"In any event," the staff says, "there is little, if any, safety distinction to be made between having the capability to achieve cold shutdown within 72 hours and having the capability, at the end of 72 hours, to proceed to cold shutdown." Id. ** The distinction between the capability to repair in 72 hours and the capability to achieve cold shutdown in 72 hours is distinctly stated in Appendix R. Section III. L. speaks consistently of repairing alternate systems and achieving cold shutdown within 72 hours, while section III.G. speaks consistently of simply repairing normal cold shutdown systems within 72 hours. The May 1984 Memorandum is correct in asserting that the Commission, in the face of industry opposition, retained in the final rule the proposed rule's time limits relating to cold shutdown equipment. However, what the Commission retained was not, as the Memorandum seems to think, a single rule applicable to both normal and alternative systems. The proposed rule's requirement that
*Moreover, we are informed that nearly every, if not every, plant to which Appendix R applies has at least one alternate system in some area of the plant.
equipment be able to achieve cold shutdown within 72 hours applied only to alternate cold shutdown systems. The proposed rule stated no time requirement applicable to normal cold shutdown systems. See sections III.G. and III. L. of the proposed rule, 45 Fed. Reg. at 36089.
Thus, from the start, the Commission apparently intended to distinguish between the fire. protection to be given normal cold shutdown systems, and the fire protection to be given alternative systems. Therefore, in reasserting the final form of this distinction, namely the apparently distinct requirements in the final rule, the proposed interpretation does not contradict the Commission's intention in promulgating Appendix R.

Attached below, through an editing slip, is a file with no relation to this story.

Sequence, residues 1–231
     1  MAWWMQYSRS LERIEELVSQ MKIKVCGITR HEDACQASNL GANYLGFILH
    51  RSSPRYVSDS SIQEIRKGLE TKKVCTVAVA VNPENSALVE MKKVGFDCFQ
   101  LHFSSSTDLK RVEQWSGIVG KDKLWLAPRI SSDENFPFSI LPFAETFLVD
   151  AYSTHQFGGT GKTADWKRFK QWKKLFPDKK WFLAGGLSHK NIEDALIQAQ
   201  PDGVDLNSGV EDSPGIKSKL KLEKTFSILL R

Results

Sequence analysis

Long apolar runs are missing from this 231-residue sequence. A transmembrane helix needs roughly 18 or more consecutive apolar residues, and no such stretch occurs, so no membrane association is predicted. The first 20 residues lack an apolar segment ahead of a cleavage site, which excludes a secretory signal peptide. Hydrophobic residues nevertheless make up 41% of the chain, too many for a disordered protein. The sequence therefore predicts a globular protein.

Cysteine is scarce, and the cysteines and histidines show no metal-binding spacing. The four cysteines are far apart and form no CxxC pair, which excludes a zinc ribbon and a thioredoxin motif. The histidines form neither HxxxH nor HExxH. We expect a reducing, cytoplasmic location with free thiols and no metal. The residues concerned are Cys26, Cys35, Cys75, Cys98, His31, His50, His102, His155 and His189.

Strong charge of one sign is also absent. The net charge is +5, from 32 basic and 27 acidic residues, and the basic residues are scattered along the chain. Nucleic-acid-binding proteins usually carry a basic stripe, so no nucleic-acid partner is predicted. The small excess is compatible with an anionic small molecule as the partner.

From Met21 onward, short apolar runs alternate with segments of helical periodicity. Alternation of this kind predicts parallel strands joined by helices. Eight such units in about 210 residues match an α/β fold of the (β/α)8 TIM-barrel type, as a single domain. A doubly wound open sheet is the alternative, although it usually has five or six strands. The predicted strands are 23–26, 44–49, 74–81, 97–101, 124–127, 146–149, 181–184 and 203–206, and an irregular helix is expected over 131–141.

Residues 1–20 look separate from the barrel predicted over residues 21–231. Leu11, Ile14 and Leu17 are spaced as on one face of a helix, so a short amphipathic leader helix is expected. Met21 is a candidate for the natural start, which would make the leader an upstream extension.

Indeed, if one insists that the Commission intended there to be a single requirement applicable to both normal and alternative shutdown systems, then it must be noted that there is good evidence that the Commission intended that single requirement to be the less stringent one that fire protection for cold shutdown systems ensure that they could be repaired within 72 hours. First, as the staff points out, the proposed rule also required that hot shutdown equipment be able to maintain hot shutdown for 72 hours after a fire, and thus acknowledged that cold shutdown equipment might not be available until 72 hours after a fire. See sections III.L. 1 and III. L. 3 of the proposed rule, 45 Fed. Reg. at 36089.
Second, the final rule contains an analogous requirement whose open-endedness suggests that all the time limits stated for cold shutdown are merely strong suggestions, and that in every case what actually applies is the rule of reason, "Achieve cold shutdown when you can":
If the capability to achieve and maintain cold shutdown will. not be available because of fire damage, the equipment and systems comprising the means to achieve and maintain the hot standby or hot shutdown condition shall be capable of maintaining such conditions until cold shutdown can be achieved.
Appendix R, sec. III. L. 4.
Last, the final version of the supposedly more stringent rule, that alternative equipment be able to achieve cold shutdown within 72 hours, is paraphrased thus in a comment accompanying the final rule: "Fire damage to cold shutdown capability is limited to damage that can be repaired within 72 hours to provide a margin in achieving co shutdown." 45 Fed. Reg. at 76607 (emphasis added).